The state of the North 2015: Four tests for the northern powerhousePublished Tue 27 Oct 2015
Even prior to the idea of the northern powerhouse gaining common currency, no witness to the north of England's evident resurgence could defensibly say that it was a region trapped in decline. However, all parts of the country – and indeed all sub-national regions across the developed world – face a series of challenges. Some are rooted in the past, and others will be thrown up by the changes to come.
This report assesses the state of the North as it is, but also what it could, and should, aspire to become. It presents an analysis of the North’s strengths and weaknesses, opportunities and threats.
Standard economic metrics such as levels of economic growth and productivity paint an important picture. Yet they don’t necessarily paint the full picture; neither are they always entirely helpful in planning for the future. For this reason, this report presents four tests for the northern powerhouse that are designed to promote the idea that with greater control over economic development, the north of England can nurture a more equal, resilient and sustainable economy.
We believe that the northern powerhouse can be proclaimed a success when the following four tests have been met in the North. Within each test we also set out 11 clear, unapologetically ambitious benchmarks against which the powerhouse's progress can be judged.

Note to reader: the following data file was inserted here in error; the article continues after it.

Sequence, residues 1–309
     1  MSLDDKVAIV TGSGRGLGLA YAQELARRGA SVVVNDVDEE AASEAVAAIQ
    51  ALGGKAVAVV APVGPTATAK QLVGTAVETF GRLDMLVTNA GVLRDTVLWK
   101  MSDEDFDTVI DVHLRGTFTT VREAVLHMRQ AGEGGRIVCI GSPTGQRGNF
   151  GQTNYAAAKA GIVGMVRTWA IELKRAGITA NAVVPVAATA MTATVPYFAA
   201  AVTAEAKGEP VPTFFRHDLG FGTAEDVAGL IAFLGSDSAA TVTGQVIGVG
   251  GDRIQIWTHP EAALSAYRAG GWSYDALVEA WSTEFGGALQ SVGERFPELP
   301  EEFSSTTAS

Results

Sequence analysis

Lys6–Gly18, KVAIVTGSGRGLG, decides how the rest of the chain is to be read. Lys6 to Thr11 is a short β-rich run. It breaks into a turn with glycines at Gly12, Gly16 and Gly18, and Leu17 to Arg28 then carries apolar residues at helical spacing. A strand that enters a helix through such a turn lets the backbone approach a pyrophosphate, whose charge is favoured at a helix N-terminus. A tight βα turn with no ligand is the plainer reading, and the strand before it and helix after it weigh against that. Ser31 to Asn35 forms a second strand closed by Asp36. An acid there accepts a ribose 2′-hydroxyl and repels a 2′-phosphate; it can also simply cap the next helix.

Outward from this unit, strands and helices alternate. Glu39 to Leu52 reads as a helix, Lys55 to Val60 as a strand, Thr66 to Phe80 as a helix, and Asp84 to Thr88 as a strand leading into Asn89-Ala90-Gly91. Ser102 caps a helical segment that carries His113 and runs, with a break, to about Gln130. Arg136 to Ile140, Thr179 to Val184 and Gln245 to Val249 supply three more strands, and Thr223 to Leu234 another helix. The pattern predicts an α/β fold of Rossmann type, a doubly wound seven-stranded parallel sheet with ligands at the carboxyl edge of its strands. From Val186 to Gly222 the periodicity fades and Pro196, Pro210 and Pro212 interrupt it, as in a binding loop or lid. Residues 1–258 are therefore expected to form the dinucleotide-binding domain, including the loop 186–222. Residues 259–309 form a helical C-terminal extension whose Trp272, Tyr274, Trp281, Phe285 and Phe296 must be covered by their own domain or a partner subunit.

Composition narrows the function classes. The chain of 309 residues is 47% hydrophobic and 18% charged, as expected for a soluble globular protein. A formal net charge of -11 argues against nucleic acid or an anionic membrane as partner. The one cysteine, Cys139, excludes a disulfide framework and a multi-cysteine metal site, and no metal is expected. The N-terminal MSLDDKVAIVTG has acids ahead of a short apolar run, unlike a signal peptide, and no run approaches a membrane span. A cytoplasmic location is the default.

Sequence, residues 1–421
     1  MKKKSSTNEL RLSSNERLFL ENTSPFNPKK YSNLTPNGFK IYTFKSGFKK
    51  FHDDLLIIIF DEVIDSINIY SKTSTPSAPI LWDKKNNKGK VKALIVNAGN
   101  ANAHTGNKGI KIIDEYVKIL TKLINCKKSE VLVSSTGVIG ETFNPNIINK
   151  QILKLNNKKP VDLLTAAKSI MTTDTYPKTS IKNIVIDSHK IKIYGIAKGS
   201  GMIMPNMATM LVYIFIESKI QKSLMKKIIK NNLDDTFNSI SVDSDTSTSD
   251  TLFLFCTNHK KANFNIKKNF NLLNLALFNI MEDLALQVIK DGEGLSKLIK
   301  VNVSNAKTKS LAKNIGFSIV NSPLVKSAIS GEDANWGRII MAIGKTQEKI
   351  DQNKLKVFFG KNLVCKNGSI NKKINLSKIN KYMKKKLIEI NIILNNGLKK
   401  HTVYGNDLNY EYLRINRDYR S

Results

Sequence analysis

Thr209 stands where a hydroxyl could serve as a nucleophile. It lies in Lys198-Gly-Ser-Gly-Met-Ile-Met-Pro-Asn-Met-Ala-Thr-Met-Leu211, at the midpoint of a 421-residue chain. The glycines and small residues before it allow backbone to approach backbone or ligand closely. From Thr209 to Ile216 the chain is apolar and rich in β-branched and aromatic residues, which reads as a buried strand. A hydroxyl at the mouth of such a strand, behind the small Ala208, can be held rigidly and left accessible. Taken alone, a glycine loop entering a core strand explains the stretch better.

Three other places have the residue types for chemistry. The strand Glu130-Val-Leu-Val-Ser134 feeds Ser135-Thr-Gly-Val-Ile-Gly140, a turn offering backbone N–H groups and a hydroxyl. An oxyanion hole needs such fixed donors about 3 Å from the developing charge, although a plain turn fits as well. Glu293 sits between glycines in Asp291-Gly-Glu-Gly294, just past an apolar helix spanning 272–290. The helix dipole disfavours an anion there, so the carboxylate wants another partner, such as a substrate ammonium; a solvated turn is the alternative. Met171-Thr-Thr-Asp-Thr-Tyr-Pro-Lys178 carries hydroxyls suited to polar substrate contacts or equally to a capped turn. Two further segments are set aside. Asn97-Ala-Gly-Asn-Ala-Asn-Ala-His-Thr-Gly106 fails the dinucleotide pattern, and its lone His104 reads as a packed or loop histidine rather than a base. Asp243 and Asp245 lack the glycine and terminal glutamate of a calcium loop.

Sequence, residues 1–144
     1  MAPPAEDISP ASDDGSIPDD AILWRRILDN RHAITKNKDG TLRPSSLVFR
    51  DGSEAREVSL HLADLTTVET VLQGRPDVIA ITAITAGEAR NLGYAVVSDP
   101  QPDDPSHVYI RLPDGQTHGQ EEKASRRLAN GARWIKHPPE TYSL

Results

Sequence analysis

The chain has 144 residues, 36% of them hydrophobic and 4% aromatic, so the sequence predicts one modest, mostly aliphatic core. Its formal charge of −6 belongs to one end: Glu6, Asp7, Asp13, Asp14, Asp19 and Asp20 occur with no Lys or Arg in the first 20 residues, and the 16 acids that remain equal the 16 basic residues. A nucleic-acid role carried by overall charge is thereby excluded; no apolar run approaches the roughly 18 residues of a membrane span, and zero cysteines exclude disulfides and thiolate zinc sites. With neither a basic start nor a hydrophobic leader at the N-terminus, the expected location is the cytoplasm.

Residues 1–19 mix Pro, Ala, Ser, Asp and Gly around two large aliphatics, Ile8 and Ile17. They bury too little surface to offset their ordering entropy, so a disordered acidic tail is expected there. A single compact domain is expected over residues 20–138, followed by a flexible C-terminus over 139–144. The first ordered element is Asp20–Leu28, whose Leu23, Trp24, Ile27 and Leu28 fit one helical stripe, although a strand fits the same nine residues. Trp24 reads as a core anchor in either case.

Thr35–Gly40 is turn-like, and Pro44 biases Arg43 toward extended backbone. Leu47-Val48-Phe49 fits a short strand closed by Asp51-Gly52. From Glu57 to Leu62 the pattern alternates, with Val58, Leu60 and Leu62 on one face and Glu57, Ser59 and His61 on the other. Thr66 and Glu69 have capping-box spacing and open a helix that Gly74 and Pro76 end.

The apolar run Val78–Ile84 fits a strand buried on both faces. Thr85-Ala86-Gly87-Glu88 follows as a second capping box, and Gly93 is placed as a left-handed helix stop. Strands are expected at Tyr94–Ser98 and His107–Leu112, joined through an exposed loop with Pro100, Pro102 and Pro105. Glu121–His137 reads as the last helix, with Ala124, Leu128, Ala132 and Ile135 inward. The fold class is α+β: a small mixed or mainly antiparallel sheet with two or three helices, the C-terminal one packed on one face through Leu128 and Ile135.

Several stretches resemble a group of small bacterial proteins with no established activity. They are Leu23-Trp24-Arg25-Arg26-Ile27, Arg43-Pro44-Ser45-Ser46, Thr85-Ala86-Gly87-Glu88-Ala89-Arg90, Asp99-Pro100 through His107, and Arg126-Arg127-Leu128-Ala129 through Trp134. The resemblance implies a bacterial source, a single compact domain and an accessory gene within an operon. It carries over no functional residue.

- The northern powerhouse must generate a better type of economic growth, one that combines rising productivity with more jobs and higher wages for all.
- The northern powerhouse must liberate the potential of its greatest asset – its people – through huge improvements to the development of skills, starting with the very youngest.
- The northern powerhouse requires investment in future success, particularly in terms of enabling innovation and building the infrastructure we need for the 21st century and beyond.
- The northern powerhouse must rejuvenate local democracy by giving people a genuine involvement in the way the north of England is run.
At the beginning of this new parliament, and with the northern powerhouse in the ascendancy, our ambition for this report is not so much to provide detailed policy prescription as it is to set out something of a vision for what could be achieved for and by the people of the North. We offer them, in the spirit of optimism and ambition, to stoke new thinking within the burgeoning northern powerhouse debate.